idea: set a niceness value under which a process won't awaken suspended CPU

Jon Nettleton jon.nettleton at
Fri Mar 2 04:12:26 EST 2012

Although the idea sounds good, the mechanism of using nice is very 2007
:-)  This should be accomplished by putting this type of process in a
specific cgroup.  We can then use the cgroup freezer to freeze all tasks in
that group, and thaw it when we see fit.

I used a similar mechanism to fix the problem where my wife would have all
sorts of flash things running in different tabs of her web browser, when I
was switched over to my user profile on the netbook.  I added some hooks
into policy kit to thaw the background users cgroup and unthaw the logged
in user.  Really I could have just limited the amount of processor
resources they had access to, but why waste the battery?

Other than that I think this could be a very good thing.  I also think this
would be a good way to control things that we only want to run when plugged
in.  No reason to run some of those cpu intensive cron jobs when running on


On Mar 2, 2012 9:44 AM, "John Gilmore" <gnu at> wrote:
> Here's a power-saving idea that's been marinating since 2007 (in an
> obscure corner of my mail queue).  When I reviewed it today I didn't
> see anything too wrong with it.
>        John
> Message-Id: <200710240912.l9O9C1k2026420 at>
> To: gnu
> Subject: OLPC idea: set a niceness value under which a process won't
awaken suspended CPU
> Date: Wed, 24 Oct 2007 02:12:01 -0700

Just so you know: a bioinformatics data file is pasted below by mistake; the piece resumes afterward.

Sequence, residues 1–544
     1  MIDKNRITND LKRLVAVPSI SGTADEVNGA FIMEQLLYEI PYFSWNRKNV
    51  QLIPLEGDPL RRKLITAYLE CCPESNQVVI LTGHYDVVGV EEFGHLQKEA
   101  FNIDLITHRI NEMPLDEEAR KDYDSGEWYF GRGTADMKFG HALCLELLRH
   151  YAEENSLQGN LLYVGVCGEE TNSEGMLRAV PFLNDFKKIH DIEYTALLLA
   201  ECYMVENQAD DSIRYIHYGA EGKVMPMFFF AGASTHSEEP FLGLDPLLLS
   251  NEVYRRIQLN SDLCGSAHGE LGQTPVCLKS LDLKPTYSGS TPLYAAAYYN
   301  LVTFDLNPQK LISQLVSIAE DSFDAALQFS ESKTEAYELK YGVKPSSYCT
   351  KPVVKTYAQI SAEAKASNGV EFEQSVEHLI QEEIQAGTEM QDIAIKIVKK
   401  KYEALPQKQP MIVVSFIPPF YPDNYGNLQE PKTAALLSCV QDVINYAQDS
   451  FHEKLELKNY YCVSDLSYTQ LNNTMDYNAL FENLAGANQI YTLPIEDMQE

> From: John Gilmore <gnu at>
> An easy lever for CPU consumption management (power mgmt) would be to
> define a set of user processes that won't be scheduled in a
> power-suspended system.  They won't wake the CPU even if their timer
> goes off, their packet arrives, or their fairy godmother calls.  But
> if something else wakes the CPU, and it's going to stay running a bit
> while some higher priority process is waiting for flash or packets or
> something, these processes can run in the background.
> My idea is to tie this to "nice".  So if you "nice -20", it puts you into
> this range.  Say everything below -15, which lets you set a few priorities
> among the low priority background stuff.
> So if you nice things all the way down, they run when the CPU is powered,
> in the cracks when there's nothing else to do, but they don't cause the
> to wake up to service them if nothing else is going on.
> For example, code that polls and updates the battery status once a
> minute in HAL.  Or a system activity monitor that shows CPU state
> graphs or how many MHz we're running.  Or an RSS feed reader.  Or the
> thing that clears out Mozilla's cache.  Or the incremental backup
> daemon that copies the machine's state to the school server.  (If that
> ran with scavenged electricity, cool!  It can raise its priority once
> a day or so, to make sure that a backup gets done one way or another.)
> The GUI could have a way to throw a process into this state or out of it.
> E.g. push your mail reader there, polling every once in a while for email,
> opportunistically.
>        John
> ------- End of Forwarded Message
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